Posts Tagged 'Mediterranean Sea'

An in situ assessment of local adaptation in a calcifying polychaete from a shallow CO2 vent system

Ocean acidification (OA) is likely to exert selective pressure on natural populations. Our ability to predict which marine species will adapt to OA, and what underlies this adaptive potential, are of high conservation and resource management priority. Using a naturally low pH vent site in the Mediterranean Sea (Castello Aragonese, Ischia) mirroring projected future OA conditions, we carried out a reciprocal transplant experiment to investigate the relative importance of phenotypic plasticity and local adaptation in two populations of the sessile, calcifying polychaete Simplaria sp. (Annelida, Serpulidae, Spirorbinae): one residing in low pH and the other from a nearby ambient (i.e. high) pH site. We measured a suite of fitness related traits (i.e. survival, reproductive output, maturation, population growth) and tube growth rates in laboratory-bred F2 generation individuals from both populations reciprocally transplanted back into both ambient and low pH in situ habitats. Both populations showed lower expression in all traits, but increased tube growth rates, when exposed to low pH compared to high pH conditions, regardless of their site of origin suggesting that local adaptation to low pH conditions has not occurred. We also found comparable levels of plasticity in the two populations investigated, suggesting no influence of long-term exposure to low pH on the ability of populations to adjust their phenotype. Despite high variation in trait values among sites and the relatively extreme conditions at sites close to the vents (pH < 7.36), response trends were consistent across traits. Hence, our data suggest that, for Simplaria and possibly other calcifiers, neither local adaptations nor sufficient phenotypic plasticity levels appear to suffice in order to compensate for the negative impacts of OA on long-term survival. Our work also underlines the utility of field experiments in natural environments subjected to high level of pCO2 for elucidating the potential for adaptation to future scenarios of OA.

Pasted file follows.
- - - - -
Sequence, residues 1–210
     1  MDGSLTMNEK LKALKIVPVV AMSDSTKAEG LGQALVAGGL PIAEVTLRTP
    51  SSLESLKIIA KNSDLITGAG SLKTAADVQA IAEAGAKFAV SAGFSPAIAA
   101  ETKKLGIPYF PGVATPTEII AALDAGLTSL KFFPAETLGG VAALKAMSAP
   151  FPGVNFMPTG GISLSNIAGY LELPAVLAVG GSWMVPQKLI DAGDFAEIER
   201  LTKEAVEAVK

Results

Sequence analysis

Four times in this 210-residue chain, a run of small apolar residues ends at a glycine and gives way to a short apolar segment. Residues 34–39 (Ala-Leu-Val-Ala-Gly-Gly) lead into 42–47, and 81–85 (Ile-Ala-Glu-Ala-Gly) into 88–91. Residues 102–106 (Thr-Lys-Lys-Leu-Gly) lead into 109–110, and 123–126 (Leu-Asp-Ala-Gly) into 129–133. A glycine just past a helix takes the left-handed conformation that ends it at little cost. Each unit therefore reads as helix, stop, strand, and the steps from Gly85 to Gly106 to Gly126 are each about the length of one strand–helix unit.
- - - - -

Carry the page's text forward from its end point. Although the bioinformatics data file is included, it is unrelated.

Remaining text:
Continue reading ‘An in situ assessment of local adaptation in a calcifying polychaete from a shallow CO2 vent system’

Cumulative human impacts on Mediterranean and Black Sea marine ecosystems: assessing current pressures and opportunities

Management of marine ecosystems requires spatial information on current impacts. In several marine regions, including the Mediterranean and Black Sea, legal mandates and agreements to implement ecosystem-based management and spatial plans provide new opportunities to balance uses and protection of marine ecosystems. Analyses of the intensity and distribution of cumulative impacts of human activities directly connected to the ecological goals of these policy efforts are critically needed. Quantification and mapping of the cumulative impact of 22 drivers to 17 marine ecosystems reveals that 20% of the entire basin and 60–99% of the territorial waters of EU member states are heavily impacted, with high human impact occurring in all ecoregions and territorial waters. Less than 1% of these regions are relatively unaffected. This high impact results from multiple drivers, rather than one individual use or stressor, with climatic drivers (increasing temperature and UV, and acidification), demersal fishing, ship traffic, and, in coastal areas, pollution from land accounting for a majority of cumulative impacts. These results show that coordinated management of key areas and activities could significantly improve the condition of these marine ecosystems.

Continue reading ‘Cumulative human impacts on Mediterranean and Black Sea marine ecosystems: assessing current pressures and opportunities’


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OA-ICC HIGHLIGHTS

Ocean acidification in the IPCC AR5 WG II

OUP book